A librarian in Rhode Island stumbled across a rare find recently: an intact copy of a 361-year-old book by religious liberty pioneer Roger Williams.
Librarian Phoebe Simpson at the Rhode Island Historical Society found the first-edition copy of The Bloudy Tenent of Persecution tucked among some other historical writings on a shelf of rare documents, reported the Associated Press.
“I just broke out in goose bumps,” Simpson said. “It was the pure excitement of touching something that Roger Williams touched.”
Williams, an iconoclastic preacher, was an early advocate for the separation of church and state and the founder of Rhode Island. In The Bloudy Tenent, Williams outlined his ideas on religious liberty, criticizing government officials who persecuted people for their religious beliefs.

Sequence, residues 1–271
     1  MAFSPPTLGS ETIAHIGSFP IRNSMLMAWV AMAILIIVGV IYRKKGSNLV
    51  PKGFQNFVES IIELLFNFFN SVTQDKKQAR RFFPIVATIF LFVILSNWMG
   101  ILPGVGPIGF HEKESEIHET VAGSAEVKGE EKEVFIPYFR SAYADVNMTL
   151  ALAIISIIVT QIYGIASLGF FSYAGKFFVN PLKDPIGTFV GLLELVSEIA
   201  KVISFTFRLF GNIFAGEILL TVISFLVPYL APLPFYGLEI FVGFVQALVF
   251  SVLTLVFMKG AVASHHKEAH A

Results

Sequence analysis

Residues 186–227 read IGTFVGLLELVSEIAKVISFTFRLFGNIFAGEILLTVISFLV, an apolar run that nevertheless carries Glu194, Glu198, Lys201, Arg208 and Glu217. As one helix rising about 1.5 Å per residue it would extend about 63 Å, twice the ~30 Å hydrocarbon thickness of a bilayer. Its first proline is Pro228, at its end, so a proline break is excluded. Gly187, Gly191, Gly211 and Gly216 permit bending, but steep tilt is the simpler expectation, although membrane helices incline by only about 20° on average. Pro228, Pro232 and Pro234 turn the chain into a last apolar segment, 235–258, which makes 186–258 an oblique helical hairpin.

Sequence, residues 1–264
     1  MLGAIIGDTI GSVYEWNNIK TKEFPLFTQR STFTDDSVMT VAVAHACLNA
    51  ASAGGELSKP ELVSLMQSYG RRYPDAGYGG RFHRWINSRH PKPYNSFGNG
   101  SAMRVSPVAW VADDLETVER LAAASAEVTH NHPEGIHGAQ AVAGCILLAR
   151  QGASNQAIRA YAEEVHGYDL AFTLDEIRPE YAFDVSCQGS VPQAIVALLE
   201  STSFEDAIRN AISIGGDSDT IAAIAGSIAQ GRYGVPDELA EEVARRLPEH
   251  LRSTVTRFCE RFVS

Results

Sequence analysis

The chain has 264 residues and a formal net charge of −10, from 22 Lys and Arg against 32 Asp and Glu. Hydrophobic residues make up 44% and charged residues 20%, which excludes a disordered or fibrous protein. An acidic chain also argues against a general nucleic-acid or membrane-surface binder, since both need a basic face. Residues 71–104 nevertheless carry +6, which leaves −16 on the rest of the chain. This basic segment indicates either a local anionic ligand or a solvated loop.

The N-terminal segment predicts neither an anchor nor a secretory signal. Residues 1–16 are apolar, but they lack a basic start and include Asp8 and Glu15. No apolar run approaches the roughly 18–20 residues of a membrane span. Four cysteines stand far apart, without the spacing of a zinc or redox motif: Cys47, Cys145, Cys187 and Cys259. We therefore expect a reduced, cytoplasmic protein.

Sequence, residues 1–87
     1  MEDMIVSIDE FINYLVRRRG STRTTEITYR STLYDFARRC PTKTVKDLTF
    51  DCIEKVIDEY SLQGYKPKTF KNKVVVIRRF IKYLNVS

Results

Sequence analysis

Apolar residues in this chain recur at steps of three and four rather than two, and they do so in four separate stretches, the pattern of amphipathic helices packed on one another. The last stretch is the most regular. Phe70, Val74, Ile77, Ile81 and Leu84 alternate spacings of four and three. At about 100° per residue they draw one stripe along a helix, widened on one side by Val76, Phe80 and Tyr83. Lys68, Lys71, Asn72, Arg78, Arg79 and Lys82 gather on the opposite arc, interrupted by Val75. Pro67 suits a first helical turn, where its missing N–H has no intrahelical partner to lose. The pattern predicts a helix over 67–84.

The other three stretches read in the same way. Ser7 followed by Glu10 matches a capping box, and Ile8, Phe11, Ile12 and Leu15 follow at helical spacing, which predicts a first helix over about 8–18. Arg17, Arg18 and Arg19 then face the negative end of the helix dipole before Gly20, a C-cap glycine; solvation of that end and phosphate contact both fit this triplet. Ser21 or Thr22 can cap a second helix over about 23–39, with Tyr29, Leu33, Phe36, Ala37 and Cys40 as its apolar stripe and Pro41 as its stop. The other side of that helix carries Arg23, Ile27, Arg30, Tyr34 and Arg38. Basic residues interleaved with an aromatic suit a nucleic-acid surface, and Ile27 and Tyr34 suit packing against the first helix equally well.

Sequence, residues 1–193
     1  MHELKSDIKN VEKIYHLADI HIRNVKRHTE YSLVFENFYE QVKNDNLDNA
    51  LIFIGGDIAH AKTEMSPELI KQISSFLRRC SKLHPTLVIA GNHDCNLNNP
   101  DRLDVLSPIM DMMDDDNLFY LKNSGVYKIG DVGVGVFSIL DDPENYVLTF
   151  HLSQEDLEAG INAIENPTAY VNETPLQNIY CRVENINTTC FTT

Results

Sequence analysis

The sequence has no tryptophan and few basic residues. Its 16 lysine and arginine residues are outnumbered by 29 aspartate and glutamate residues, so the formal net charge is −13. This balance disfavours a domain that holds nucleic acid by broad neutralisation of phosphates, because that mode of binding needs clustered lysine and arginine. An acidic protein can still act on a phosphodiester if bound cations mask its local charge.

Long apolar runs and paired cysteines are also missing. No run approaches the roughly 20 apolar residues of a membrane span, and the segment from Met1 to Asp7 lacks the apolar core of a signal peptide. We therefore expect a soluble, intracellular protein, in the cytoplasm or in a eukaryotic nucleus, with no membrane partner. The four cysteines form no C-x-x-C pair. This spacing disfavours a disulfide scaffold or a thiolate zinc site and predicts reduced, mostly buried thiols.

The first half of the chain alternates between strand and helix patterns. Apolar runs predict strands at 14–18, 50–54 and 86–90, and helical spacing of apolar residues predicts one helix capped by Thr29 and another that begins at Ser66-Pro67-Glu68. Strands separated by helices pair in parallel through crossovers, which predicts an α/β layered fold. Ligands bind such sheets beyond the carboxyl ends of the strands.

Prior to Simpson’s find, only five first-edition copies of the book were known to exist. Two are at Brown University, one at the New York Public Library and two others are held by colleges in England and Ireland.
Few copies of the first edition, printed in England, survived because that country’s parliament considered the work dangerous and ordered it burned. Williams managed to smuggle a few books into the colonies, and a second edition soon followed.
Karen Eberhart, the society’s library director, noted that the Williams work remained in good shape despite its age because it was printed on paper with heavy cotton content.
In the book, Williams employed a metaphor similar to Thomas Jefferson’s “wall of separation” between church and state. Williams warned against creating an opening “in the hedge, or wall of separation, between the garden of the church and the wilderness of the world.”
For more on Williams, see “Roger Williams: Soul Man” in the July-August 2005 Church & State.